Bordering On a Disaster: Chamber boss calls for CBSA upgrade

OTTAWA — If the Canadian Border Services Agency (CBSA) wants truckers and other border crossers to update their shops and procedures to comply with new border-crossing protocols, then the CVSA should step up with corresponding improvements to its own service.

Such as around-the-clock inspection facilities and single-portal e-manifest programs.

If such changes don’t materialize, the border schmozzle could just get worse and cost the North American economy billions of dollars and 10 million or so jobs.

That’s the word from the Canadian Chamber of Commerce, and it was made clear in the Globe and Mail yesterday in a message from the chamber’s president, Perrin Beatty.

Those of you old enough to remember when Sting could rock’n’roll might remember Beatty as the youngest MP ever. He was first elected to the House of Commons at 22, under Joe Clark.

Now, almost 30 years later, he’s come out swinging on guard for thee, taking aim specifically at our wonky border situation, vis-à-vis the U.S. and security problems.

Beatty is reporting the findings of a report issued by a coalition of 45 Canadian and U.S. business associations, led by the two countries’ chambers of commerce. The report’s called “Finding the Balance: Reducing Border Costs while Strengthening Security.”

And there’s no better time to talk about his report than right now, as Prime Minister Stephen Harper is meeting U.S. President George W. Bush and Mexican President Felipe de Jesus Calderon in New Orleans for the annual leaders’ summit.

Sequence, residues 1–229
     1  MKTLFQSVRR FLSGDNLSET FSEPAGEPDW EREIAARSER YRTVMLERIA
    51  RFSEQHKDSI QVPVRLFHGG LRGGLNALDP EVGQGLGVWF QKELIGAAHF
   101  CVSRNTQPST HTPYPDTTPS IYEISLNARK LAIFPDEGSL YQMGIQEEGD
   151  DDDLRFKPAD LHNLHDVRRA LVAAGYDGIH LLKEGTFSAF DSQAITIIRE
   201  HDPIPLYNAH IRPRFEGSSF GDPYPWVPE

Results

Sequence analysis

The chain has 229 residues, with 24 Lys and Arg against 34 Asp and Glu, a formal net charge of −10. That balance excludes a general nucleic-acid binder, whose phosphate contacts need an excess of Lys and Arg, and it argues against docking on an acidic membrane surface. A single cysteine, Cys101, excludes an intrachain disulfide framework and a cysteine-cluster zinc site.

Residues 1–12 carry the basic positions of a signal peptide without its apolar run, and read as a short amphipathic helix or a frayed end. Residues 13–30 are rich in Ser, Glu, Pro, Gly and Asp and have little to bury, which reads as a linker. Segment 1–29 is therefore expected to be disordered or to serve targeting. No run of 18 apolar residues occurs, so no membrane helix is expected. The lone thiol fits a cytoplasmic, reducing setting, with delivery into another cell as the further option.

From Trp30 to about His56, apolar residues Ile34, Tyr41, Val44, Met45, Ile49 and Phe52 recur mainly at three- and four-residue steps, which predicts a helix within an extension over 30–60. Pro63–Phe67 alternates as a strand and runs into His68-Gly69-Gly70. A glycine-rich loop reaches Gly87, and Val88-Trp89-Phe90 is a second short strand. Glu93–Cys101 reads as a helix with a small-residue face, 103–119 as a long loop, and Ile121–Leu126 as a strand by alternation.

Here is a Reader’s Digest version:

Beatty says CBSA has to open major border
crossings 24/7 with fully trained staff.

“Much has been said about the ‘thickening’ of the Canada-U.S. border — the layering of costs and wait times associated with people and goods crossing our shared border — but more must be done,” Beatty states. “For example a truck can sit for hours at the border waiting for inspectors to show up.

“We need to make sure our major border crossings are open 24/7 with fully trained staff capable of undertaking both primary and secondary inspections.

“While companies are being forced to put in place expensive, but needed, electronic filing systems, our governments are not willing to ensure that their agencies that demand border information are capable of accepting the required information through a single electronic window,” he explains.

A small number of companies representing a significant portion of trans-border volume have voluntarily undertaken hefty costs to be designated as low-risk shippers and receive expedited crossings, he notes.

— with files from the Globe & Mail

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